Feelings of being down or glum happen to everyone now and again. The ability to pick oneself up by doing activities that inspire creativity, bring joy and happiness are ways to help combat this feeling. When it becomes a chronic, long term issue of feeling more sad than happy it can be signs of a more serious problem; depression. Clinical depression is a serious condition which can have severe consequences for an individual, family and loved ones.
Addiction is common among people with chronic depression. Alcohol is a nervous system suppressant which can trigger feelings of depression which start with lethargy, hopelessness and sadness. Individuals who struggle with depression may also reach for drugs or alcohol as a way to numb pain, lift their spirits or generally take the focus away from stresses of daily life which may trigger depressive episodes.
When a person struggles with both addiction and a depressive disorder, it is called a dual diagnosis. The National Alliance on Mental Illness (NAMI) states a dual diagnosis occurs when someone experiences a “mental illness and a substance abuse problem simultaneously. It can be more mild or severe depending on the individual.” The Journal of Clinical Psychiatry reports one in three adults suffer from depression who struggle with alcohol or substance abuse.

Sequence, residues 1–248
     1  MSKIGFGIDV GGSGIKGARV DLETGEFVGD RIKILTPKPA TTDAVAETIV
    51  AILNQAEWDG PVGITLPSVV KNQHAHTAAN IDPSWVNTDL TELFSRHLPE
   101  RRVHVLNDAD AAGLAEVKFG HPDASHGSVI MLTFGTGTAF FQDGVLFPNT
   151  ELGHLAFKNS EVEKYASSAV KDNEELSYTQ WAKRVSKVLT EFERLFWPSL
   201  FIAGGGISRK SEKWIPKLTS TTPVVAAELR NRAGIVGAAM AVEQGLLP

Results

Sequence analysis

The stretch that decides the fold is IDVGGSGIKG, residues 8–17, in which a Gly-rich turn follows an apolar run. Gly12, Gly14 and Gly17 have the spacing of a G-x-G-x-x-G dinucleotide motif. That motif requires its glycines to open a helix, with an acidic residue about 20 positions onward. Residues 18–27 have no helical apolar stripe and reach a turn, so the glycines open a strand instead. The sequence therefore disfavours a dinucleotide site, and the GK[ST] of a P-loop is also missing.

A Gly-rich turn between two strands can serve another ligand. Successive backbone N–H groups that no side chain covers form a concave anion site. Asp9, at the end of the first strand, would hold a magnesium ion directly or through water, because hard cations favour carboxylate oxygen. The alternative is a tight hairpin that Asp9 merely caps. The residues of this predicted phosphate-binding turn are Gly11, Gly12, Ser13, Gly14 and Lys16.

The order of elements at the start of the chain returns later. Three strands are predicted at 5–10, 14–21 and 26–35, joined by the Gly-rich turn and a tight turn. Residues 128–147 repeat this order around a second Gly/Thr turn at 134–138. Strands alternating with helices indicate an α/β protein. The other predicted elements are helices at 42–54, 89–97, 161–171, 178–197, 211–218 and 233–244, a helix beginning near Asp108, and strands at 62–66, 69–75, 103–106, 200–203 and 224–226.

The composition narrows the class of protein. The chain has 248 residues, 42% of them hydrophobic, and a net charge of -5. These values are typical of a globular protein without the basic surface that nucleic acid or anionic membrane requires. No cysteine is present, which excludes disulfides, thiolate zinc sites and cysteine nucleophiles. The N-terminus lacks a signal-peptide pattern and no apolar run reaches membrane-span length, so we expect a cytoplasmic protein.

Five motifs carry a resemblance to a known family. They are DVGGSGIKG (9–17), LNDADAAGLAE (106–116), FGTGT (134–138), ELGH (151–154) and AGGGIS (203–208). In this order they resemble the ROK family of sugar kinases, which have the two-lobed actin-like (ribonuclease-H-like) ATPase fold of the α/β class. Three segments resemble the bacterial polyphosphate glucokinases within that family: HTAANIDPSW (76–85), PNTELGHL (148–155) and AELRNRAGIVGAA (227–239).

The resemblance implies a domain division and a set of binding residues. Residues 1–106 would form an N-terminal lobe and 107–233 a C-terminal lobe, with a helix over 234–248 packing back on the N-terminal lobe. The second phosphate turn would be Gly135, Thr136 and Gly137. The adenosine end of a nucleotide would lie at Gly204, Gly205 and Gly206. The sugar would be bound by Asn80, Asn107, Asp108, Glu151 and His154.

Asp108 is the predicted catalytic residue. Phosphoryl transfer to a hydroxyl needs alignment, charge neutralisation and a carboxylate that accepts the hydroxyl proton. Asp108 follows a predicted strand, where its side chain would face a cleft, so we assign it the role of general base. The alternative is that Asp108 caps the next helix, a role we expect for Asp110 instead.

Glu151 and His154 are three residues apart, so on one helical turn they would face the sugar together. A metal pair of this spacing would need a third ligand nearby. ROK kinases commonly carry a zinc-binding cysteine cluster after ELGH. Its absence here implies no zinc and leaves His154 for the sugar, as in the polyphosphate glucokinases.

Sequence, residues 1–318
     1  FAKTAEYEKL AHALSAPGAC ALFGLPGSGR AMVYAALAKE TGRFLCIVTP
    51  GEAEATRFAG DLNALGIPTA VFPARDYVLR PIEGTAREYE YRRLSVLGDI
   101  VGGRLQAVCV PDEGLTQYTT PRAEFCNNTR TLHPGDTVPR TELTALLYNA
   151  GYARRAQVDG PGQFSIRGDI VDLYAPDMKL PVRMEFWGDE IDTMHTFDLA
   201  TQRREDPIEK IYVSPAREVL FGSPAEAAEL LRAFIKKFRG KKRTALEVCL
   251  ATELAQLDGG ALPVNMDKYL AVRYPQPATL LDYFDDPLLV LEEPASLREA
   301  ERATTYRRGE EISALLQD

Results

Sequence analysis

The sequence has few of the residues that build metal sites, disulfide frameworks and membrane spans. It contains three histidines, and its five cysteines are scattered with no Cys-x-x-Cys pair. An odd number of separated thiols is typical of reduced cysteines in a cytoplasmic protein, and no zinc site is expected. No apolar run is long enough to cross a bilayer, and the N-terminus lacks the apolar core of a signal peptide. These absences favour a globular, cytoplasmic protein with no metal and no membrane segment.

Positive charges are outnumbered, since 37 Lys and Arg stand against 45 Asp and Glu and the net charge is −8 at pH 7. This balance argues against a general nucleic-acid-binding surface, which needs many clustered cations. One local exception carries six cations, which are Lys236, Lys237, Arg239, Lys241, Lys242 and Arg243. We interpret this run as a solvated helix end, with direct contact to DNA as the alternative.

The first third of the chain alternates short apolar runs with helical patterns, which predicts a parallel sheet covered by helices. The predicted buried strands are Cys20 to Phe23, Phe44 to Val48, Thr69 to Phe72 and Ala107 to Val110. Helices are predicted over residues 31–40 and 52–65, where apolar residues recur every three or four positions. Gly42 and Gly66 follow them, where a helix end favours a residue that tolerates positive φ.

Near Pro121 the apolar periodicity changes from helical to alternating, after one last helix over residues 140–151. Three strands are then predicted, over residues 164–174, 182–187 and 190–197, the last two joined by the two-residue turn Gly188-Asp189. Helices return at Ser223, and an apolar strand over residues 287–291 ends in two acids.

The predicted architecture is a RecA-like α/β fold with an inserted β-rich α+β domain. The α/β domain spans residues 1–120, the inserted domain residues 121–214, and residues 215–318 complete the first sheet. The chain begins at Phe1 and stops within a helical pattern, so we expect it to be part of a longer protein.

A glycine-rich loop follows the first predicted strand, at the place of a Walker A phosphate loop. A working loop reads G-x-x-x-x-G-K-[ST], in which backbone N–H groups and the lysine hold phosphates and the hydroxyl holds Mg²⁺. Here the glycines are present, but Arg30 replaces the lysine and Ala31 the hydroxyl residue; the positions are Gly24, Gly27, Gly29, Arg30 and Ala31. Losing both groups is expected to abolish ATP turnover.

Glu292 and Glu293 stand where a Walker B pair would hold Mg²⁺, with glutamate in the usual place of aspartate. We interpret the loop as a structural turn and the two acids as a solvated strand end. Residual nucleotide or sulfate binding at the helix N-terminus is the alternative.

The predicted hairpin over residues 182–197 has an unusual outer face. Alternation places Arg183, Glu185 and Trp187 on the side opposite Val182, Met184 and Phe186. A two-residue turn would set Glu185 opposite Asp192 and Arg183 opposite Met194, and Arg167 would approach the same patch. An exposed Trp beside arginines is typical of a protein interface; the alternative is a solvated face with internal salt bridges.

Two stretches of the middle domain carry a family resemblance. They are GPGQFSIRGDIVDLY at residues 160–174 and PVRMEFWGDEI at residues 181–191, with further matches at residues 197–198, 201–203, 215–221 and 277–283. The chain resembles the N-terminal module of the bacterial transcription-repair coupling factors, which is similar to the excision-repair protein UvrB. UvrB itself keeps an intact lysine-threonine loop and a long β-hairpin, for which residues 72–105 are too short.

One does not necessarily lead to another when it comes to depression and substance abuse. Every individual has their own story and reasons why addiction begins, and continues, to affect them. There is no panacea, or one size fits all treatment. People who struggle with depression may exhibit signs of feeling hopeless, anxiety, loss of energy and appetite changes. This may lead a person to pursue substance abuse as a way to self-medicate these symptoms. Chronic depression will not go away without treatment. Substance use in addition to depressive episodes can lead to addiction which requires treatment with therapists or counselors who specialize in co-occuring or dual diagnosis disorders.
Drinking or use of substances will not make depression better, in fact, it might even make it worse and exacerbate symptoms. Treatment options are available and should include detox, counseling and careful aftercare planning. Counseling, peer support and education are necessary components to help individuals with dual diagnosis ensure they are moving towards their goals successfully in recovery.
If you believe yourself or a loved one is struggling with depression in addition to a substance abuse problem, help is available. Trained counselors and therapists are ready to answer any questions you might have. Call today for more information 800-910-9299.
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